Thursday, April 21, 2005

Step #3 Determining the best move

Chess is a game of war. Your objective is to overwhelm the opponents' king, but that shouldn't be your target every move. To know which of your pieces to move, you have to ask yourself a series of simple questions. We'll talk about the first one today: Can the opponent check or checkmate me right now if it was his/her turn?
This question right here will hopefully save you from that surprise checkmate. Evaluate the opponent's position, and don't underestimate them. Even if they are 7 years old, they're playing with the same pieces you are. Look closely for some of the simpler mates. If it's early in the game, watch your King's Bishop's pawn for threats against it. Learn the quick mates, and beware of them. Mark Lowery has an index of checkmating patterns you should learn to identify. Review these until you know them. They may even win you some games early on.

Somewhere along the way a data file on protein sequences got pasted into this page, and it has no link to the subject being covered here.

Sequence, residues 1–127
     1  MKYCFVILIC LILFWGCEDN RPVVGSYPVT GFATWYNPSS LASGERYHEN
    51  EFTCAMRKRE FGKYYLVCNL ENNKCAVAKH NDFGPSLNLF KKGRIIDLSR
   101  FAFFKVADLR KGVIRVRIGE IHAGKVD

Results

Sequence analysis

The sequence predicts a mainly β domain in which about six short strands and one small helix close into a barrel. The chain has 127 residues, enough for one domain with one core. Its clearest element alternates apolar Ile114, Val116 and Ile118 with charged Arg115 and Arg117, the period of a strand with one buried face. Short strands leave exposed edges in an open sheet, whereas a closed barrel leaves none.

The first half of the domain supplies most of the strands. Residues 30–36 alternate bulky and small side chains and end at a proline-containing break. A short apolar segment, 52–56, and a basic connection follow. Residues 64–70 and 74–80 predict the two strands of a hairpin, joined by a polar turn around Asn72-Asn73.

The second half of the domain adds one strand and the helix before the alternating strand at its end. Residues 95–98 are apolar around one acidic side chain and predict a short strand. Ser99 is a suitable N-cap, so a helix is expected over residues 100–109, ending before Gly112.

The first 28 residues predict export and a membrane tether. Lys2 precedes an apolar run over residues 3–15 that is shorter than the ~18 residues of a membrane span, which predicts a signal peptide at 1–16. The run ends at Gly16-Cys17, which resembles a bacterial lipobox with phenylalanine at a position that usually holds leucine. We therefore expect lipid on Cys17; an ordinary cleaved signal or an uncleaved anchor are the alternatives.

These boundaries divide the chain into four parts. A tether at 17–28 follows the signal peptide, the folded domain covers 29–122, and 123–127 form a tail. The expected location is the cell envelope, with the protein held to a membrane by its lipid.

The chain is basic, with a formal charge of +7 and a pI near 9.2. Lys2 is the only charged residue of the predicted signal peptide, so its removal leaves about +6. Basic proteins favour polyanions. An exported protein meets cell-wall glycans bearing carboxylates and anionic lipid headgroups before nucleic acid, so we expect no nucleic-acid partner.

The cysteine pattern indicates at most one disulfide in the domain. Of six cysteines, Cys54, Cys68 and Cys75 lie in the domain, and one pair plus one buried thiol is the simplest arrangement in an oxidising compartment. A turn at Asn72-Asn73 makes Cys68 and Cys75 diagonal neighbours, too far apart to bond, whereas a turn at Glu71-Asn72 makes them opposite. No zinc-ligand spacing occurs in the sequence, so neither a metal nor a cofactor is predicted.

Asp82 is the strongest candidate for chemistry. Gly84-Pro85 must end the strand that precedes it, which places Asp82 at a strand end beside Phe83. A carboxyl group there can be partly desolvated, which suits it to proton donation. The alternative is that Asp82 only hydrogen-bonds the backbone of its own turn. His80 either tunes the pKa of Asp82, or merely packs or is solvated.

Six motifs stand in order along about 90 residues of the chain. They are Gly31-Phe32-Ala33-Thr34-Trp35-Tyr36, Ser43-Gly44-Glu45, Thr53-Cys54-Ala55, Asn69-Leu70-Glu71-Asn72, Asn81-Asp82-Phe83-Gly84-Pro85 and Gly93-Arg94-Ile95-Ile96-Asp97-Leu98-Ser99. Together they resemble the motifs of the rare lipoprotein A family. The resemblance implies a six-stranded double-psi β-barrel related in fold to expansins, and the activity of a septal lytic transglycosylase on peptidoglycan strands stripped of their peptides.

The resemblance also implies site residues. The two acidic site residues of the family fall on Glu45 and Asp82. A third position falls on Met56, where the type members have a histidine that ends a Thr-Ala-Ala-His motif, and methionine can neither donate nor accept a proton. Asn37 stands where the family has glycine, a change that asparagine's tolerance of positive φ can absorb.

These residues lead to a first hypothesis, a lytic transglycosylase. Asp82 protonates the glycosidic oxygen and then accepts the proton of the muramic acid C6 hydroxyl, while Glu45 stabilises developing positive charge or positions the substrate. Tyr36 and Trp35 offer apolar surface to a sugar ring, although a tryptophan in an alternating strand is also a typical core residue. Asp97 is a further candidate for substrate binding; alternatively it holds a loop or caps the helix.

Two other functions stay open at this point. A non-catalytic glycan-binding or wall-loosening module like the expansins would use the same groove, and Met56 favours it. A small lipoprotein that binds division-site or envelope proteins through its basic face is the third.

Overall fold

If the answer to this first question is yes, then answer the threat. Do what you can to stop the mating attack. If you have multiple ways to stop the threat, choose the way that will re-threaten the opponent to make them back off.

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